Spur Gear vs Helical Gear vs Bevel Gear vs Worm Gear: Difference and Comparison

Key Takeaways

  1. A spur gear features straight teeth aligned with the gear axis, transmitting motion efficiently.
  2. A helical gear possesses slanted teeth, offering smoother operation by distributing the load across multiple teeth.
  3. A bevel gear with conical teeth and intersecting axes is ideal for changing direction between non-parallel shafts.
  4. A worm gear is a screw-like gear engaging with a toothed wheel and provides substantial reduction ratios.

What is Spur Gear?

A spur gear is a cylindrical gear with teeth that are parallel to the gear’s axis. It is the simplest type of gear.


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It provides high-power transmission and is easy to manufacture but cannot be quiet due to the straight teeth engagement. It is used in applications where precision and efficiency are not critical.

What is Helical Gear?

Helical gears have teeth inclined at an angle to the gear’s axis. This angled tooth arrangement allows for smoother operation as compared to spur gears.

These gears distribute the load over multiple teeth, which reduces wear and enhance efficiency. They are used in high-precision and power-type transmission applications, such as automotive transmission.

What is a Bevel Gear?

Bevel gears have teeth that are conically shaped and mounted on intersecting axes. They transmit motion and power between non-parallel shafts at right angles.

They can be straight-toothed (straight angle) or have curved teeth (spiral bevel), offering options for load capacities and smoothness of operation.

What is Worm Gear?

A worm gear consists of a screw-like gear meshing with a toothed wheel. It provides high gear reduction ratios and is often used to transmit motion between perpendicular shafts.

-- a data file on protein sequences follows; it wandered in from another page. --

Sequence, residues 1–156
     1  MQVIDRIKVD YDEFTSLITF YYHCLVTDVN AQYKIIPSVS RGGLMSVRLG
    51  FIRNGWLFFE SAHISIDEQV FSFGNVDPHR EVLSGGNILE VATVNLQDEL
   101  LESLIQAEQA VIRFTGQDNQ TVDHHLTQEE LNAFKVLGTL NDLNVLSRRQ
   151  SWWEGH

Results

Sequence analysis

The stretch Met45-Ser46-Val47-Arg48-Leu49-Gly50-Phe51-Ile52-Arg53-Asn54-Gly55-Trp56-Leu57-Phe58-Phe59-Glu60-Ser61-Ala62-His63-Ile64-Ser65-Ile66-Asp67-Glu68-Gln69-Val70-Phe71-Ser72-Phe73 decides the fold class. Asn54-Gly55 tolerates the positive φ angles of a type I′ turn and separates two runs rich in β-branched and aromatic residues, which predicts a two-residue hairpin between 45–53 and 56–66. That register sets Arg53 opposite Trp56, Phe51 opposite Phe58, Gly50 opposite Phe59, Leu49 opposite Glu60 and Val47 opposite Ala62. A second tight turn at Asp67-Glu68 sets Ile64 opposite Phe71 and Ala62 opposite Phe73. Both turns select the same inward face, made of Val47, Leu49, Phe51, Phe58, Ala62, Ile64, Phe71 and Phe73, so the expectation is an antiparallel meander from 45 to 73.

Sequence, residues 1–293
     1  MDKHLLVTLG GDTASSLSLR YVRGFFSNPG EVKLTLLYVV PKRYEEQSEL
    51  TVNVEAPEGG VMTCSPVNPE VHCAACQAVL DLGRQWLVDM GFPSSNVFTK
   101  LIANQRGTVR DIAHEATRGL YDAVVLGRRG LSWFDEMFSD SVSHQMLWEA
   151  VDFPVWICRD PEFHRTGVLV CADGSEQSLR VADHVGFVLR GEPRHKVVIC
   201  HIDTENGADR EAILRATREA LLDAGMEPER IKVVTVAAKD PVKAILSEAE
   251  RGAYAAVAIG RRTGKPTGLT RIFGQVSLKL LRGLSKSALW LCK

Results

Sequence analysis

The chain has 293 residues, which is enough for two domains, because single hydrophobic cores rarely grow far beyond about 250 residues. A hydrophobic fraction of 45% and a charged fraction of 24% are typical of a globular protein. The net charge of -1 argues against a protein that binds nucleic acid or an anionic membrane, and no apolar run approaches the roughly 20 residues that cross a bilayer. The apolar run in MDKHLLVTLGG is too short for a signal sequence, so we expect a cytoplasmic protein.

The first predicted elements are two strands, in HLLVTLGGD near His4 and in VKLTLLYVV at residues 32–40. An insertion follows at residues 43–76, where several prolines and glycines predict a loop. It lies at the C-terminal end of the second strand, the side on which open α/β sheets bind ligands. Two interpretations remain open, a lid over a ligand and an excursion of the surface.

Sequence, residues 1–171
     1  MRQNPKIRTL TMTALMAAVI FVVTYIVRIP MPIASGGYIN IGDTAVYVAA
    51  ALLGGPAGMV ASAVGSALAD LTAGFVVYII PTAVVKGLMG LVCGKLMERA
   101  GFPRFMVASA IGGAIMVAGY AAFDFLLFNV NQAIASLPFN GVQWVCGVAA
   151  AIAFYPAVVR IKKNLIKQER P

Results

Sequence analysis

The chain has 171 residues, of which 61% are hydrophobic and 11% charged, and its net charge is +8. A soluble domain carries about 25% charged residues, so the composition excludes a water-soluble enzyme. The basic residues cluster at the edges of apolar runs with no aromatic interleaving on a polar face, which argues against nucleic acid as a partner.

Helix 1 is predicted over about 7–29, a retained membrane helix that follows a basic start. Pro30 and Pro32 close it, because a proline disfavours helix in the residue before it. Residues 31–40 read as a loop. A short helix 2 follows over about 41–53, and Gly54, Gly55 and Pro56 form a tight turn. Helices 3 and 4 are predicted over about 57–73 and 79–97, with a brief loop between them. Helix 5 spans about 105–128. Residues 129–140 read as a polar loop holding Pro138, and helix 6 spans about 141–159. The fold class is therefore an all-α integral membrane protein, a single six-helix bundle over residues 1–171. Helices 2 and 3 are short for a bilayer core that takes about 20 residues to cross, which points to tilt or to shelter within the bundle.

These gears offer self-locking capabilities, which prevents back driving. This feature makes them suitable for applications where the equipment must hold its position without additional braking mechanisms.

Difference Between Spur Gear, Helical Gear, Bevel Gear and Worm Gear

  1. Spur gear consists of straight teeth parallel to the gear axis; helical gear has slanted teeth at an angle to the gear axis; bevel equipment has conical teeth on intersecting axis at right angles; worm gear has screw-like teeth engaging with the worm wheel’s teeth.
  2. Spur gears can produce more noise; helical gears offer smoother operation; bevel gears provide quieter motion, while worm gears can be noisy.
  3. Spur gears concentrate load on a limited number of teeth; helical gears distribute load across multiple teeth, reducing wear; bevel gears distribute the load over larger contact areas, while worm gears spread the load over various teeth, enhancing strength.
  4. Spur and helical gears are used for parallel shafts; bevel bags are suitable for perpendicular shafts with varying angles, while worm gears often transmit motion between non-parallel shafts.
  5. Spur gears are used in low-speed applications where noise is not a concern; helical gears are standard in automotive transmissions and industrial machinery; bevel gears are used in gearboxes, different drives and steering systems, while worm gears are used in conveyor systems, lifts and situations requiring position locking.

Comparison Between Spur Gear, Helical Gear, Bevel Gear and Worm Gear

ParametersSpur GearHelical GearBevel GearWorm Gear
Tooth arrangementStraight teeth parallel to the gear axisSlanted teeth at an angle at gear axisConical teeth on intersecting axis at right anglesScrew-like teeth engaging with the worm wheel’s teeth
NoiseMore noiseSmooth operationQuieterNoisy
Load distributionOn a limited number of teethAcross multiple teethOver larger contact areasOver multiple teeth
Shaft orientationParallel shaftsParallel shaftsPerpendicular shafts with varying anglesNon-parallel shafts
ApplicationsLow-speed applicationsAutomotive transmissions and industrial machineryGearboxes, different drives and steering systemsConveyor systems, lifts and situations requiring position locking
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